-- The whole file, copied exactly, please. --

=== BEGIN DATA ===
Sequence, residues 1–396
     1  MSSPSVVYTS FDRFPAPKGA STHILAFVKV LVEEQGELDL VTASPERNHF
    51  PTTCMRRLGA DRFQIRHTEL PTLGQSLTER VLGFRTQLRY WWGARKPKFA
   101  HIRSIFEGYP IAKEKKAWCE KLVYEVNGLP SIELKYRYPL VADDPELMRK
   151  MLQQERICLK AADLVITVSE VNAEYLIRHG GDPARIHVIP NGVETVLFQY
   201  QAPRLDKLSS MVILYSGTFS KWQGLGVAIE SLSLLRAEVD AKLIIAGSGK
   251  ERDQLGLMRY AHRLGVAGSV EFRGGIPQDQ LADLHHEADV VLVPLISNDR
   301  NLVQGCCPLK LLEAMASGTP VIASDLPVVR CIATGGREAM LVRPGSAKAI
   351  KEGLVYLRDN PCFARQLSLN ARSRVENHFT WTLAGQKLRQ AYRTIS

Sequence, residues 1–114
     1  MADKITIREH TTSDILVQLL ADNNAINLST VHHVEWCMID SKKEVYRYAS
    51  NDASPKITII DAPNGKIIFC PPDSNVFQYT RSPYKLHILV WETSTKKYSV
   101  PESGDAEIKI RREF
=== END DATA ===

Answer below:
Sequence, residues 1–396
     1  MSSPSVVYTS FDRFPAPKGA STHILAFVKV LVEEQGELDL VTASPERNHF
    51  PTTCMRRLGA DRFQIRHTEL PTLGQSLTER VLGFRTQLRY WWGARKPKFA
   101  HIRSIFEGYP IAKEKKAWCE KLVYEVNGLP SIELKYRYPL VADDPELMRK
   151  MLQQERICLK AADLVITVSE VNAEYLIRHG GDPARIHVIP NGVETVLFQY
   201  QAPRLDKLSS MVILYSGTFS KWQGLGVAIE SLSLLRAEVD AKLIIAGSGK
   251  ERDQLGLMRY AHRLGVAGSV EFRGGIPQDQ LADLHHEADV VLVPLISNDR
   301  NLVQGCCPLK LLEAMASGTP VIASDLPVVR CIATGGREAM LVRPGSAKAI
   351  KEGLVYLRDN PCFARQLSLN ARSRVENHFT WTLAGQKLRQ AYRTIS

Sequence, residues 1–114
     1  MADKITIREH TTSDILVQLL ADNNAINLST VHHVEWCMID SKKEVYRYAS
    51  NDASPKITII DAPNGKIIFC PPDSNVFQYT RSPYKLHILV WETSTKKYSV
   101  PESGDAEIKI RREF